For the first time since taking over as coach of the struggling New York Red Bulls, former D.C. United coach Bruce Arena returns to RFK Stadium tonight for a U.S. Open Cup quarterfinal against United.
Arena -- dismissed as coach of the U.S. national team after it failed to advance to the second round of the World Cup in June -- guided United to two MLS championships (1996 and 1997) in three seasons. He also led the team to a U.S. Open Cup title in 1996.
"I have a lot of good memories there," Arena told the (Newark, N.J.) Star-Ledger this week. "The last game I coached there in '97 we won the [MLS] championship. In 1998, we played Vasco da Gama, and even though we lost, it was a great day for soccer in this country."
But United players aren't buying into the hype surrounding the return of the team's first coach who, before joining the Red Bulls earlier this month, had not coached in MLS in nearly a decade.
"Coaches don't play," United striker Alecko Eskandarian said. "[United coach] Peter [Nowak] doesn't play and Bruce doesn't play, even though I think we would have a little more advantage if Peter did play because I don't think Bruce can move as well as he used to."
The Red Bulls are United's longtime rivals and Arena added more fuel to the game in recent weeks when he hinted that the current United team was not as good as the teams he coached.
"I know how the media can twist a person's words around," Eskandarian said. "But if that's the way he feels, that's fine. He's entitled to his opinion. I've just got to play my game. I have a lot of respect for Bruce obviously going to [the University of Virginia]. With the national team, he did some great things and I have nothing but respect for him ... there's no way I could ever criticize him."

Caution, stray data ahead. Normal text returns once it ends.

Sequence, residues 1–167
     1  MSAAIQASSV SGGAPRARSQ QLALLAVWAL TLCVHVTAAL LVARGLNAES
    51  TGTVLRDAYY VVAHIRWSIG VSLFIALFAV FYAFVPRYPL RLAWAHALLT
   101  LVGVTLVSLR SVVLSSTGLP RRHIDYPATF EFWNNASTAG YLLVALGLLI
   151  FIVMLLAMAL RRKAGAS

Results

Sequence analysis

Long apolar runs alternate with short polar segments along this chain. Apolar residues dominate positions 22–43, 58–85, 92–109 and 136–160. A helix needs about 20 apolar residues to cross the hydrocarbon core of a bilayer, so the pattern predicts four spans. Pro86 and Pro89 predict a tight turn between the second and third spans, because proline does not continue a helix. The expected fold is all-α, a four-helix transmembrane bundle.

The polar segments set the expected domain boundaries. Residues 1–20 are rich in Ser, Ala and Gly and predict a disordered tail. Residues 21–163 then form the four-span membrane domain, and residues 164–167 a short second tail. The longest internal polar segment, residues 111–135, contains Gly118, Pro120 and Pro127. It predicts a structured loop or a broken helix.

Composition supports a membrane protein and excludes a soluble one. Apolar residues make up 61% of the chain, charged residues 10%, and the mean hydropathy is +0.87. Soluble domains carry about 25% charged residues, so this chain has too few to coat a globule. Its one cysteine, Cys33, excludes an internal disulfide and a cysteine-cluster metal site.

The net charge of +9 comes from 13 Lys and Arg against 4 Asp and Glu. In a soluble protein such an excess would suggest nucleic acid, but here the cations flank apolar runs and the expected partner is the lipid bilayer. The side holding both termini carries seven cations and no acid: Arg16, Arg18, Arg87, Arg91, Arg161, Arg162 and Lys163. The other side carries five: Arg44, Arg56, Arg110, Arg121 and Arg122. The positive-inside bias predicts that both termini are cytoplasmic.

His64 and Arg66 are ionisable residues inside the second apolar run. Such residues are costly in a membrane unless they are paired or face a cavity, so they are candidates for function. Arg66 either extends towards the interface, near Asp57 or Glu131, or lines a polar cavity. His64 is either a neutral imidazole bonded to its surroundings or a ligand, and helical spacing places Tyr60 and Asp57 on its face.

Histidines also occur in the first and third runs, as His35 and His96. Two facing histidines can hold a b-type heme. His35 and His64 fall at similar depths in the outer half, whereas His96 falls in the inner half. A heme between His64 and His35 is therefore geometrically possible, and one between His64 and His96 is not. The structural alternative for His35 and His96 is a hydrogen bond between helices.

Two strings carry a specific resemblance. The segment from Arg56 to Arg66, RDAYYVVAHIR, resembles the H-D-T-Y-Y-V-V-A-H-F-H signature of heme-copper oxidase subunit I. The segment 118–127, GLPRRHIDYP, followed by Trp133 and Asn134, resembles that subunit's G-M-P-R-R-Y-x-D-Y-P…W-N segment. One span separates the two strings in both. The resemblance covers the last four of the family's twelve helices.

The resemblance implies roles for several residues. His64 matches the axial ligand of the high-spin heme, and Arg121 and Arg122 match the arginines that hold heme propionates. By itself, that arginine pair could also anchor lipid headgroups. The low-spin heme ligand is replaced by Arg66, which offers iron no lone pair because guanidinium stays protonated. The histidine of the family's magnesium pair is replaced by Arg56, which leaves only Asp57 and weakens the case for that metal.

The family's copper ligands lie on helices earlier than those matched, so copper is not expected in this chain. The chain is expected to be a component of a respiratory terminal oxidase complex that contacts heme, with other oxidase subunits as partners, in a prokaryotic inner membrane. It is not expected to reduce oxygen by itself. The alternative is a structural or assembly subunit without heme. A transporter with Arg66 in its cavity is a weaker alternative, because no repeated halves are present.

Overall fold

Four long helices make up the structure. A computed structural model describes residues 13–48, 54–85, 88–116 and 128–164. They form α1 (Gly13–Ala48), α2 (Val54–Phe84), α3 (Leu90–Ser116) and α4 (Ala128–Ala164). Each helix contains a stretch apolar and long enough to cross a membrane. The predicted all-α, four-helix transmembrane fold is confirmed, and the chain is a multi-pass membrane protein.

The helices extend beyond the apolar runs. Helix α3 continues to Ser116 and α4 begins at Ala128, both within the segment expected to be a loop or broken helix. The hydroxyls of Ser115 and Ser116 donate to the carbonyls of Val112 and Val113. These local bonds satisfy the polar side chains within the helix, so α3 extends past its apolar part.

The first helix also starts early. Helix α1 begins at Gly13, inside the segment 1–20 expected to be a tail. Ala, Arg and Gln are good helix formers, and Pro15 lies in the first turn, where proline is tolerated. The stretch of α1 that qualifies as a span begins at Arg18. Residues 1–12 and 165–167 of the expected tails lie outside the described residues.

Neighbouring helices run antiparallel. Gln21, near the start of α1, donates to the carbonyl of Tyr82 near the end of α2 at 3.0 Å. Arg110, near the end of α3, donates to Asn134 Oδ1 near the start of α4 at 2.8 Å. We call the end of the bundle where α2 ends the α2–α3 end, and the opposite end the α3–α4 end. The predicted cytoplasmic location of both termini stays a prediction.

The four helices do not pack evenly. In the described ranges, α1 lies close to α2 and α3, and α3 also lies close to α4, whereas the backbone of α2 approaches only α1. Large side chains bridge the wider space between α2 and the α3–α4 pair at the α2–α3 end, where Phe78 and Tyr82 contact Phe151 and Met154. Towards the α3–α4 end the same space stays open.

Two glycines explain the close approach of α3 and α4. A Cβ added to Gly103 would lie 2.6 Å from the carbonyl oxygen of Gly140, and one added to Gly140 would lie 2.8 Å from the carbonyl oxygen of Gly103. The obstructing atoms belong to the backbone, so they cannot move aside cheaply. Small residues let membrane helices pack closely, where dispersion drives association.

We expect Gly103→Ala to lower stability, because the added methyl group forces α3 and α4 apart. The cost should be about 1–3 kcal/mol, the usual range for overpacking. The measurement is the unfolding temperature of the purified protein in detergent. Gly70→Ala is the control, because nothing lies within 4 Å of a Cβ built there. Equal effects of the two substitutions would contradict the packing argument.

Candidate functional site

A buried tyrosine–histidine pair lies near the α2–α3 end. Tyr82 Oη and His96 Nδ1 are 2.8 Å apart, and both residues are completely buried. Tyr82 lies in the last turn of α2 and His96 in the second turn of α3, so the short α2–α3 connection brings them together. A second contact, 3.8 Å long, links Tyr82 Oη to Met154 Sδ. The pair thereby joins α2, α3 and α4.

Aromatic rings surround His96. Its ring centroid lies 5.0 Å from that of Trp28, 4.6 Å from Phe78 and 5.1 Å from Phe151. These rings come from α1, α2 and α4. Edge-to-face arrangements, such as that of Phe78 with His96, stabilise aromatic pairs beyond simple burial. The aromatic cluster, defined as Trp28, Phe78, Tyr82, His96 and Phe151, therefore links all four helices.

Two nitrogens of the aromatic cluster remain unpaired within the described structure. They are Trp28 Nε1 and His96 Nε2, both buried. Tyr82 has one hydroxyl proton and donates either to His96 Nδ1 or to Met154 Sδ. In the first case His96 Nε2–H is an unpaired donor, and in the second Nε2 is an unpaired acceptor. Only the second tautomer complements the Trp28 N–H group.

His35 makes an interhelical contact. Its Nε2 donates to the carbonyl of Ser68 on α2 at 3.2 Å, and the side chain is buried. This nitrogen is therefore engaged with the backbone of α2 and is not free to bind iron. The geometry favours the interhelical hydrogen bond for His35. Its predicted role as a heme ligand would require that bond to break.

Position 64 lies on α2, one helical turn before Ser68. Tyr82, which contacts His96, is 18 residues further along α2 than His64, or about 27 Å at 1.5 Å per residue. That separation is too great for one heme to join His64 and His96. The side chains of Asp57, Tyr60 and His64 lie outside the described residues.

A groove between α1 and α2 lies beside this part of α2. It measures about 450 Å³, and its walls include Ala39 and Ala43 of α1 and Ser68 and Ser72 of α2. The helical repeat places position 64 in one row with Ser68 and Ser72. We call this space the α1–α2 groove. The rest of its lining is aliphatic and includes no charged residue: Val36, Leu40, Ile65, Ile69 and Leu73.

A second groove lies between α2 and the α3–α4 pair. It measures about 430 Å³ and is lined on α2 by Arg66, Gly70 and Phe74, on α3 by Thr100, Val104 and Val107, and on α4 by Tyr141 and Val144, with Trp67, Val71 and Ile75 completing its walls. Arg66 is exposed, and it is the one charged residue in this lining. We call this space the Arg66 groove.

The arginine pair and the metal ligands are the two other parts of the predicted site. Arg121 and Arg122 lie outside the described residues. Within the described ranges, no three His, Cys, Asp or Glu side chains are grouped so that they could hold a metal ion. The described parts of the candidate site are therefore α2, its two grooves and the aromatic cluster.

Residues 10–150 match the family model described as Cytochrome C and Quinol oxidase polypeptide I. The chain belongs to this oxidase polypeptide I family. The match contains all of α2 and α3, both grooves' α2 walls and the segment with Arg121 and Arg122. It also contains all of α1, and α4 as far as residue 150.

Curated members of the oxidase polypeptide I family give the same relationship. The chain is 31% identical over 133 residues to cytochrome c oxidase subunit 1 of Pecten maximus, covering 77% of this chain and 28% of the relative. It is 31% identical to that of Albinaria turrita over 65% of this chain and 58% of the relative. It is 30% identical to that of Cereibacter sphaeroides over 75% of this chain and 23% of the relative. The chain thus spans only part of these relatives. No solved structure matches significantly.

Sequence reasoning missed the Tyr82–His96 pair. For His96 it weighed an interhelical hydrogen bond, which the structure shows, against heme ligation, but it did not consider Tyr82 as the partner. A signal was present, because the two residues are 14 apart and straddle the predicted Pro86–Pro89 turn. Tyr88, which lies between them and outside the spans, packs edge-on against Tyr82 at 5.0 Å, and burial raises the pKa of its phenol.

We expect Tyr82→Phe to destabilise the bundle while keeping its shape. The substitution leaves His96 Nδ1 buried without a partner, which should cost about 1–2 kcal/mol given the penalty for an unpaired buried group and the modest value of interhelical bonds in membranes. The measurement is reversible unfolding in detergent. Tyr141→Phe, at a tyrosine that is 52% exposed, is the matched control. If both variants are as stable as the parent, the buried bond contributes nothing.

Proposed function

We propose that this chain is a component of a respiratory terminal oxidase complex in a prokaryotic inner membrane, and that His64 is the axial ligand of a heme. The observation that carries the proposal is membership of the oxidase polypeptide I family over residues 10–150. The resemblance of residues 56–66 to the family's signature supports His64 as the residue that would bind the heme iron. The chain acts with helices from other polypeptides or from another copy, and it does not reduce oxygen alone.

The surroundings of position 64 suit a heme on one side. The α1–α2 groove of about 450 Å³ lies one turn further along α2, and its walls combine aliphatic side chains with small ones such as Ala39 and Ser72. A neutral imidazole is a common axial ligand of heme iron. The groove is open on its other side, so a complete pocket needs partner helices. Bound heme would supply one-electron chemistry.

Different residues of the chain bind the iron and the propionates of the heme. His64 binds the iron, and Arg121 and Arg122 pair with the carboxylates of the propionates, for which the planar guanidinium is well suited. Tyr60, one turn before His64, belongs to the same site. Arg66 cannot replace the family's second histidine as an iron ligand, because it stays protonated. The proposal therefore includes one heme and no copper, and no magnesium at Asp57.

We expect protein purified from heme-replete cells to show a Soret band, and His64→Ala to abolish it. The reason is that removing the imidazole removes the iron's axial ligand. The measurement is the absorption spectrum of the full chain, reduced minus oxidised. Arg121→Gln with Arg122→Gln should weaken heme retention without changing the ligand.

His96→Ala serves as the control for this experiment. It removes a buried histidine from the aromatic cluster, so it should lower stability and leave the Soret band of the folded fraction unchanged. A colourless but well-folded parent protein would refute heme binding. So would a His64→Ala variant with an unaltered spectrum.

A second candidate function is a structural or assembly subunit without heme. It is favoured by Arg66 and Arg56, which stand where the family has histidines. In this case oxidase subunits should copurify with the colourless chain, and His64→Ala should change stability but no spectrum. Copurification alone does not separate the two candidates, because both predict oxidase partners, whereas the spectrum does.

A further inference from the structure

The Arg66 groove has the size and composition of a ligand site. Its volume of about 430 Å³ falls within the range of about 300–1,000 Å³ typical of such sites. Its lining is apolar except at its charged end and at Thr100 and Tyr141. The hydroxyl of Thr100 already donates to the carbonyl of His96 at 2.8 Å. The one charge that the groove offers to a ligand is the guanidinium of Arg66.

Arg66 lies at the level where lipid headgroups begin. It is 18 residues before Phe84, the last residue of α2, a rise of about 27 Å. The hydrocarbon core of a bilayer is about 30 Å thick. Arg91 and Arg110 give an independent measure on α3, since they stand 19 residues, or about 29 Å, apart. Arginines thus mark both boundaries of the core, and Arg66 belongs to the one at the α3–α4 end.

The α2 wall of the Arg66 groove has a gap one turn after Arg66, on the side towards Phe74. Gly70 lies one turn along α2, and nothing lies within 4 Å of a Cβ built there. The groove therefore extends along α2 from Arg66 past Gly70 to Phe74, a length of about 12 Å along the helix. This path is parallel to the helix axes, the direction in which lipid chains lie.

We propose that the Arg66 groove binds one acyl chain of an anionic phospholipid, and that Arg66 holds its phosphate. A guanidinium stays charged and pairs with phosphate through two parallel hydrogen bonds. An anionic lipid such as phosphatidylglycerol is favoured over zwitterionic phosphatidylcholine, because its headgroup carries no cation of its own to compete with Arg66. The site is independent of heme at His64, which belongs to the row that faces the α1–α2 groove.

The U.S. Open Cup is a single-elimination tournament, similar to England's famed FA Cup. The event was founded in 1914 and is open to all amateur and pro teams in the United States. The champion takes home $100,000, while the runner-up receives $50,000. The defending champion is the Los Angeles Galaxy.
United reached the quarterfinal of the Cup after a victory over the Columbus Crew in overtime last month in the round of 16 at the SoccerPlex in Germantown.
"This game is very important," Nowak said. "Having a big advantage in Major League Soccer regular season gives us a cushion to focus on these games but we haven't achieved anything yet. My guys are hungry for success and hungry for trophies."
United lost 4-1 on penalty kicks to FC Dallas in the quarterfinals of the Cup last year.
A little more than a week ago, United and the Red Bulls played to a scoreless tie in an MLS game at Giants Stadium. It was the first time this season that United didn't score in a game. United is now winless in four consecutive MLS games.
"We want to win tournaments and the U.S. Open Cup is a big tournament for us, and the fact that we are playing our rival makes it even bigger, so it's a huge game," United defender Bobby Boswell said.
Midfielder Christian Gomez, a key player for the club this season, is doubtful for the game after a leg injury (popliteus strain) in Saturday's tie with Colorado, while the Red Bulls, will be without midfielder Dema Kovalenko, who is suspended.
Tonight's winner will face either the Chicago Fire or the New England Revolution on the road in the semifinals on Sept. 6.
The last time these teams met in the U.S. Open Cup, the Red Bulls -- then the MetroStars -- beat United 3-2 in 2003, then lost 1-0 to Chicago in the final.